I must tell you, ma'am, there are a lot of people of great and famous achievement who will never know the pride you must have felt when your son stood up here earlier today. I thought it was unbelievable, and I appreciate what you did.
To all of you graduates here at Northeastern, because this is the largest co-op school in the Nation, you are a breed apart. By having the chance to work for 2 years in your field as you have earned your degree, you have experienced a world that many others of your counterparts all across America only anticipate when they walk up and get their degree. You embody the growing unity in this country between work and learning, based on the clear understanding that the average American must now change work eight times in a lifetime and what you earn depends upon what you can learn. Still, even with the jump your co-op education in this fine place has given you, some of you must be wondering whether you'll be able to find the right job or any job.
I came here to tell you something very simple and straightforward: You have done your part, and you deserve the opportunity to have that job and to make a better life for yourself.
For years and years, the challenges of the global economy and our inadequate responses to them have put unbelievable pressure on middle class families and middle class values. Most people have worked harder for less and paid more for education, for health care, for housing. For most of the 1980's, those with less than 2 years of post-high school education actually saw their incomes drop as they worked longer and longer work weeks. And in the last couple of years, even college graduates have begun to have a difficult time finding good jobs with growing incomes.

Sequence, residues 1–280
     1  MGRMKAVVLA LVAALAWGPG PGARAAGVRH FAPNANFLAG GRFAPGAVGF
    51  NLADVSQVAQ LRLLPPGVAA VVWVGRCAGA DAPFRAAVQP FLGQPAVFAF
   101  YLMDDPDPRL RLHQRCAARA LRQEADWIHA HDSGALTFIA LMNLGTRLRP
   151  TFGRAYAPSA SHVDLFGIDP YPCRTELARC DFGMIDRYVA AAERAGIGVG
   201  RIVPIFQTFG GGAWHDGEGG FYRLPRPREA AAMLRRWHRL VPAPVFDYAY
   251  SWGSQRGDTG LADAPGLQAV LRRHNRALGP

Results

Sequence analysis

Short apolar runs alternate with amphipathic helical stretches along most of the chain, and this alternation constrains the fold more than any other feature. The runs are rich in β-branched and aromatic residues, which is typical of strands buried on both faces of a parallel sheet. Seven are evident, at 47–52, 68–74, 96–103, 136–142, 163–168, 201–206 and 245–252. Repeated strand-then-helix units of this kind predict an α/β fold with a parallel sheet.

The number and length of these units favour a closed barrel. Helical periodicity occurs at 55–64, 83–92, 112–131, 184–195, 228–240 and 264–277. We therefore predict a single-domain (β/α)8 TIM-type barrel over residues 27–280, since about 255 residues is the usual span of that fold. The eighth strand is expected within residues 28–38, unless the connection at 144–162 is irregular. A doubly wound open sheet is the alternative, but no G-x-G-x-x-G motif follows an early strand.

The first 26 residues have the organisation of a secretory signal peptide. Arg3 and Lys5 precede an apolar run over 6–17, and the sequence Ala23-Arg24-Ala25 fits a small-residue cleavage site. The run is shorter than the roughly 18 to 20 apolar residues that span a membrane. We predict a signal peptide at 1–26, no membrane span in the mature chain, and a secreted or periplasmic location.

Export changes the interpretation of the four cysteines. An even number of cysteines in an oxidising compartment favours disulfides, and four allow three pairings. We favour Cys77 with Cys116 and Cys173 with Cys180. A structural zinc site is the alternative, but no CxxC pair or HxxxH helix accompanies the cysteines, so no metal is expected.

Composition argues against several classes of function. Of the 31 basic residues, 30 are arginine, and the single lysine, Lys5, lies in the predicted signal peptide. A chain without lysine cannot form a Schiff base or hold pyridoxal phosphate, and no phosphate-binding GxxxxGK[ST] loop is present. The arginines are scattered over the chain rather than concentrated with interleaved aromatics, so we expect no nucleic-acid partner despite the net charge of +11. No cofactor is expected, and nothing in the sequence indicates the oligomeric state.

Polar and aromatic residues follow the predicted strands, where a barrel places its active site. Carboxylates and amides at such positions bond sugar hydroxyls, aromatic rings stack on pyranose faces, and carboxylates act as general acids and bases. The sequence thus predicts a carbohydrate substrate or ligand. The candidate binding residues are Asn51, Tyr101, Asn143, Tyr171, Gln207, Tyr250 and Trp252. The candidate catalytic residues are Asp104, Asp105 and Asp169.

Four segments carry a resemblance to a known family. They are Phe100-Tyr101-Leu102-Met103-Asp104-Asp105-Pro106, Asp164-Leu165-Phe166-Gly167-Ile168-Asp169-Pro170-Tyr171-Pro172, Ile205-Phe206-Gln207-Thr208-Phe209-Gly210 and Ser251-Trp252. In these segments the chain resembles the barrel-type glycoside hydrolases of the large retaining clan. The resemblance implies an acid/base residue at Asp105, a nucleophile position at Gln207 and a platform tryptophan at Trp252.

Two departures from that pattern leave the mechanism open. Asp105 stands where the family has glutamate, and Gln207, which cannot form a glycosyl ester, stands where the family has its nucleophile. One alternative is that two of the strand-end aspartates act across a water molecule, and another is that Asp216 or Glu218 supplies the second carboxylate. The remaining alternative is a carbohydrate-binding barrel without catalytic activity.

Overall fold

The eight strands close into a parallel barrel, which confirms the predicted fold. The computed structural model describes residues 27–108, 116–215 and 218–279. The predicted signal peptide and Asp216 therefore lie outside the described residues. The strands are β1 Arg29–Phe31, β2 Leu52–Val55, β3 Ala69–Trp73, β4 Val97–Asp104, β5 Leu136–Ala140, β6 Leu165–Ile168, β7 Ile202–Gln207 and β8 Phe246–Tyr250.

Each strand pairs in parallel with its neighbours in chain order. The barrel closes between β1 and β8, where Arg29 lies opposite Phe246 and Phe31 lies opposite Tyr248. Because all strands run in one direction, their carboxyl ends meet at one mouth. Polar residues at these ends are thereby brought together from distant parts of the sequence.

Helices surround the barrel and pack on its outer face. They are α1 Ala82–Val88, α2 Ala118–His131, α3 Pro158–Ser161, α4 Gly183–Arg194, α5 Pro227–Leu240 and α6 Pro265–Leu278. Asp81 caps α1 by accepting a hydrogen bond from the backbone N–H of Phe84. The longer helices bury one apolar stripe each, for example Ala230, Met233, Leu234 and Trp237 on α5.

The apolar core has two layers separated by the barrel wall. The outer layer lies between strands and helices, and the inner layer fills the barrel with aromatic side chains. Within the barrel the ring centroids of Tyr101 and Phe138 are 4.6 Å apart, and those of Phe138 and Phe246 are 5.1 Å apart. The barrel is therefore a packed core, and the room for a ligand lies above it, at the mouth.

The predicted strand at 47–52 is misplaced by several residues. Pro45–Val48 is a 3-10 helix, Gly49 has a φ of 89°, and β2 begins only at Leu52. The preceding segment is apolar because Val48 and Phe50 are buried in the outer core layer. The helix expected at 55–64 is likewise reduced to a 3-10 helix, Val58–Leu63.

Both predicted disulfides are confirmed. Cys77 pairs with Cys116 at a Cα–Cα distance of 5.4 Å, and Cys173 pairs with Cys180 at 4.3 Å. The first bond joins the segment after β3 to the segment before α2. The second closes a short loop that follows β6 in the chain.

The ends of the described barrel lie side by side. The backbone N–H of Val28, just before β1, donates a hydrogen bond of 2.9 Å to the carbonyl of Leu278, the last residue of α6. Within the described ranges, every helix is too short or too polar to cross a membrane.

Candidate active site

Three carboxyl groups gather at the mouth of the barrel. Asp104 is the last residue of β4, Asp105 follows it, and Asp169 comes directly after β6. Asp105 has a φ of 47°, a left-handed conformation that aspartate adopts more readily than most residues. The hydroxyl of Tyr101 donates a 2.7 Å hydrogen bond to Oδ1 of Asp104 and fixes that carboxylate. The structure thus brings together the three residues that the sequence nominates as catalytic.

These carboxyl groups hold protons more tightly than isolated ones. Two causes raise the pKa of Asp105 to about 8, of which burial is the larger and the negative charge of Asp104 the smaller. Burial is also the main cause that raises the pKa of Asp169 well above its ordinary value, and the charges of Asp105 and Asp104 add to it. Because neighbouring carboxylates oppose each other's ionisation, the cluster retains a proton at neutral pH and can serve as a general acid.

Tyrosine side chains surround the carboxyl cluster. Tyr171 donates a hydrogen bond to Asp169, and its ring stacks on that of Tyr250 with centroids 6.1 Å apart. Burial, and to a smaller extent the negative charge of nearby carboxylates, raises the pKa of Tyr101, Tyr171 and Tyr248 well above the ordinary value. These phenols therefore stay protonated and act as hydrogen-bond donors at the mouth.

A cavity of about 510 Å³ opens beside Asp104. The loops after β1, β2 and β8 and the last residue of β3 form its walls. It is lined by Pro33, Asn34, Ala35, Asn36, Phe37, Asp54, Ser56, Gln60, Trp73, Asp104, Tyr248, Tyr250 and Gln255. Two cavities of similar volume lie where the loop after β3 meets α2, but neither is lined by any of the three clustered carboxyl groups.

Still, we know what works. We know that in this global economy, a good education works. We know that investment in new technology works. We know that when business and workers and Government are cooperating for high productivity, that works. We know that grass roots efforts to build strong and safe communities and to give every person a chance work.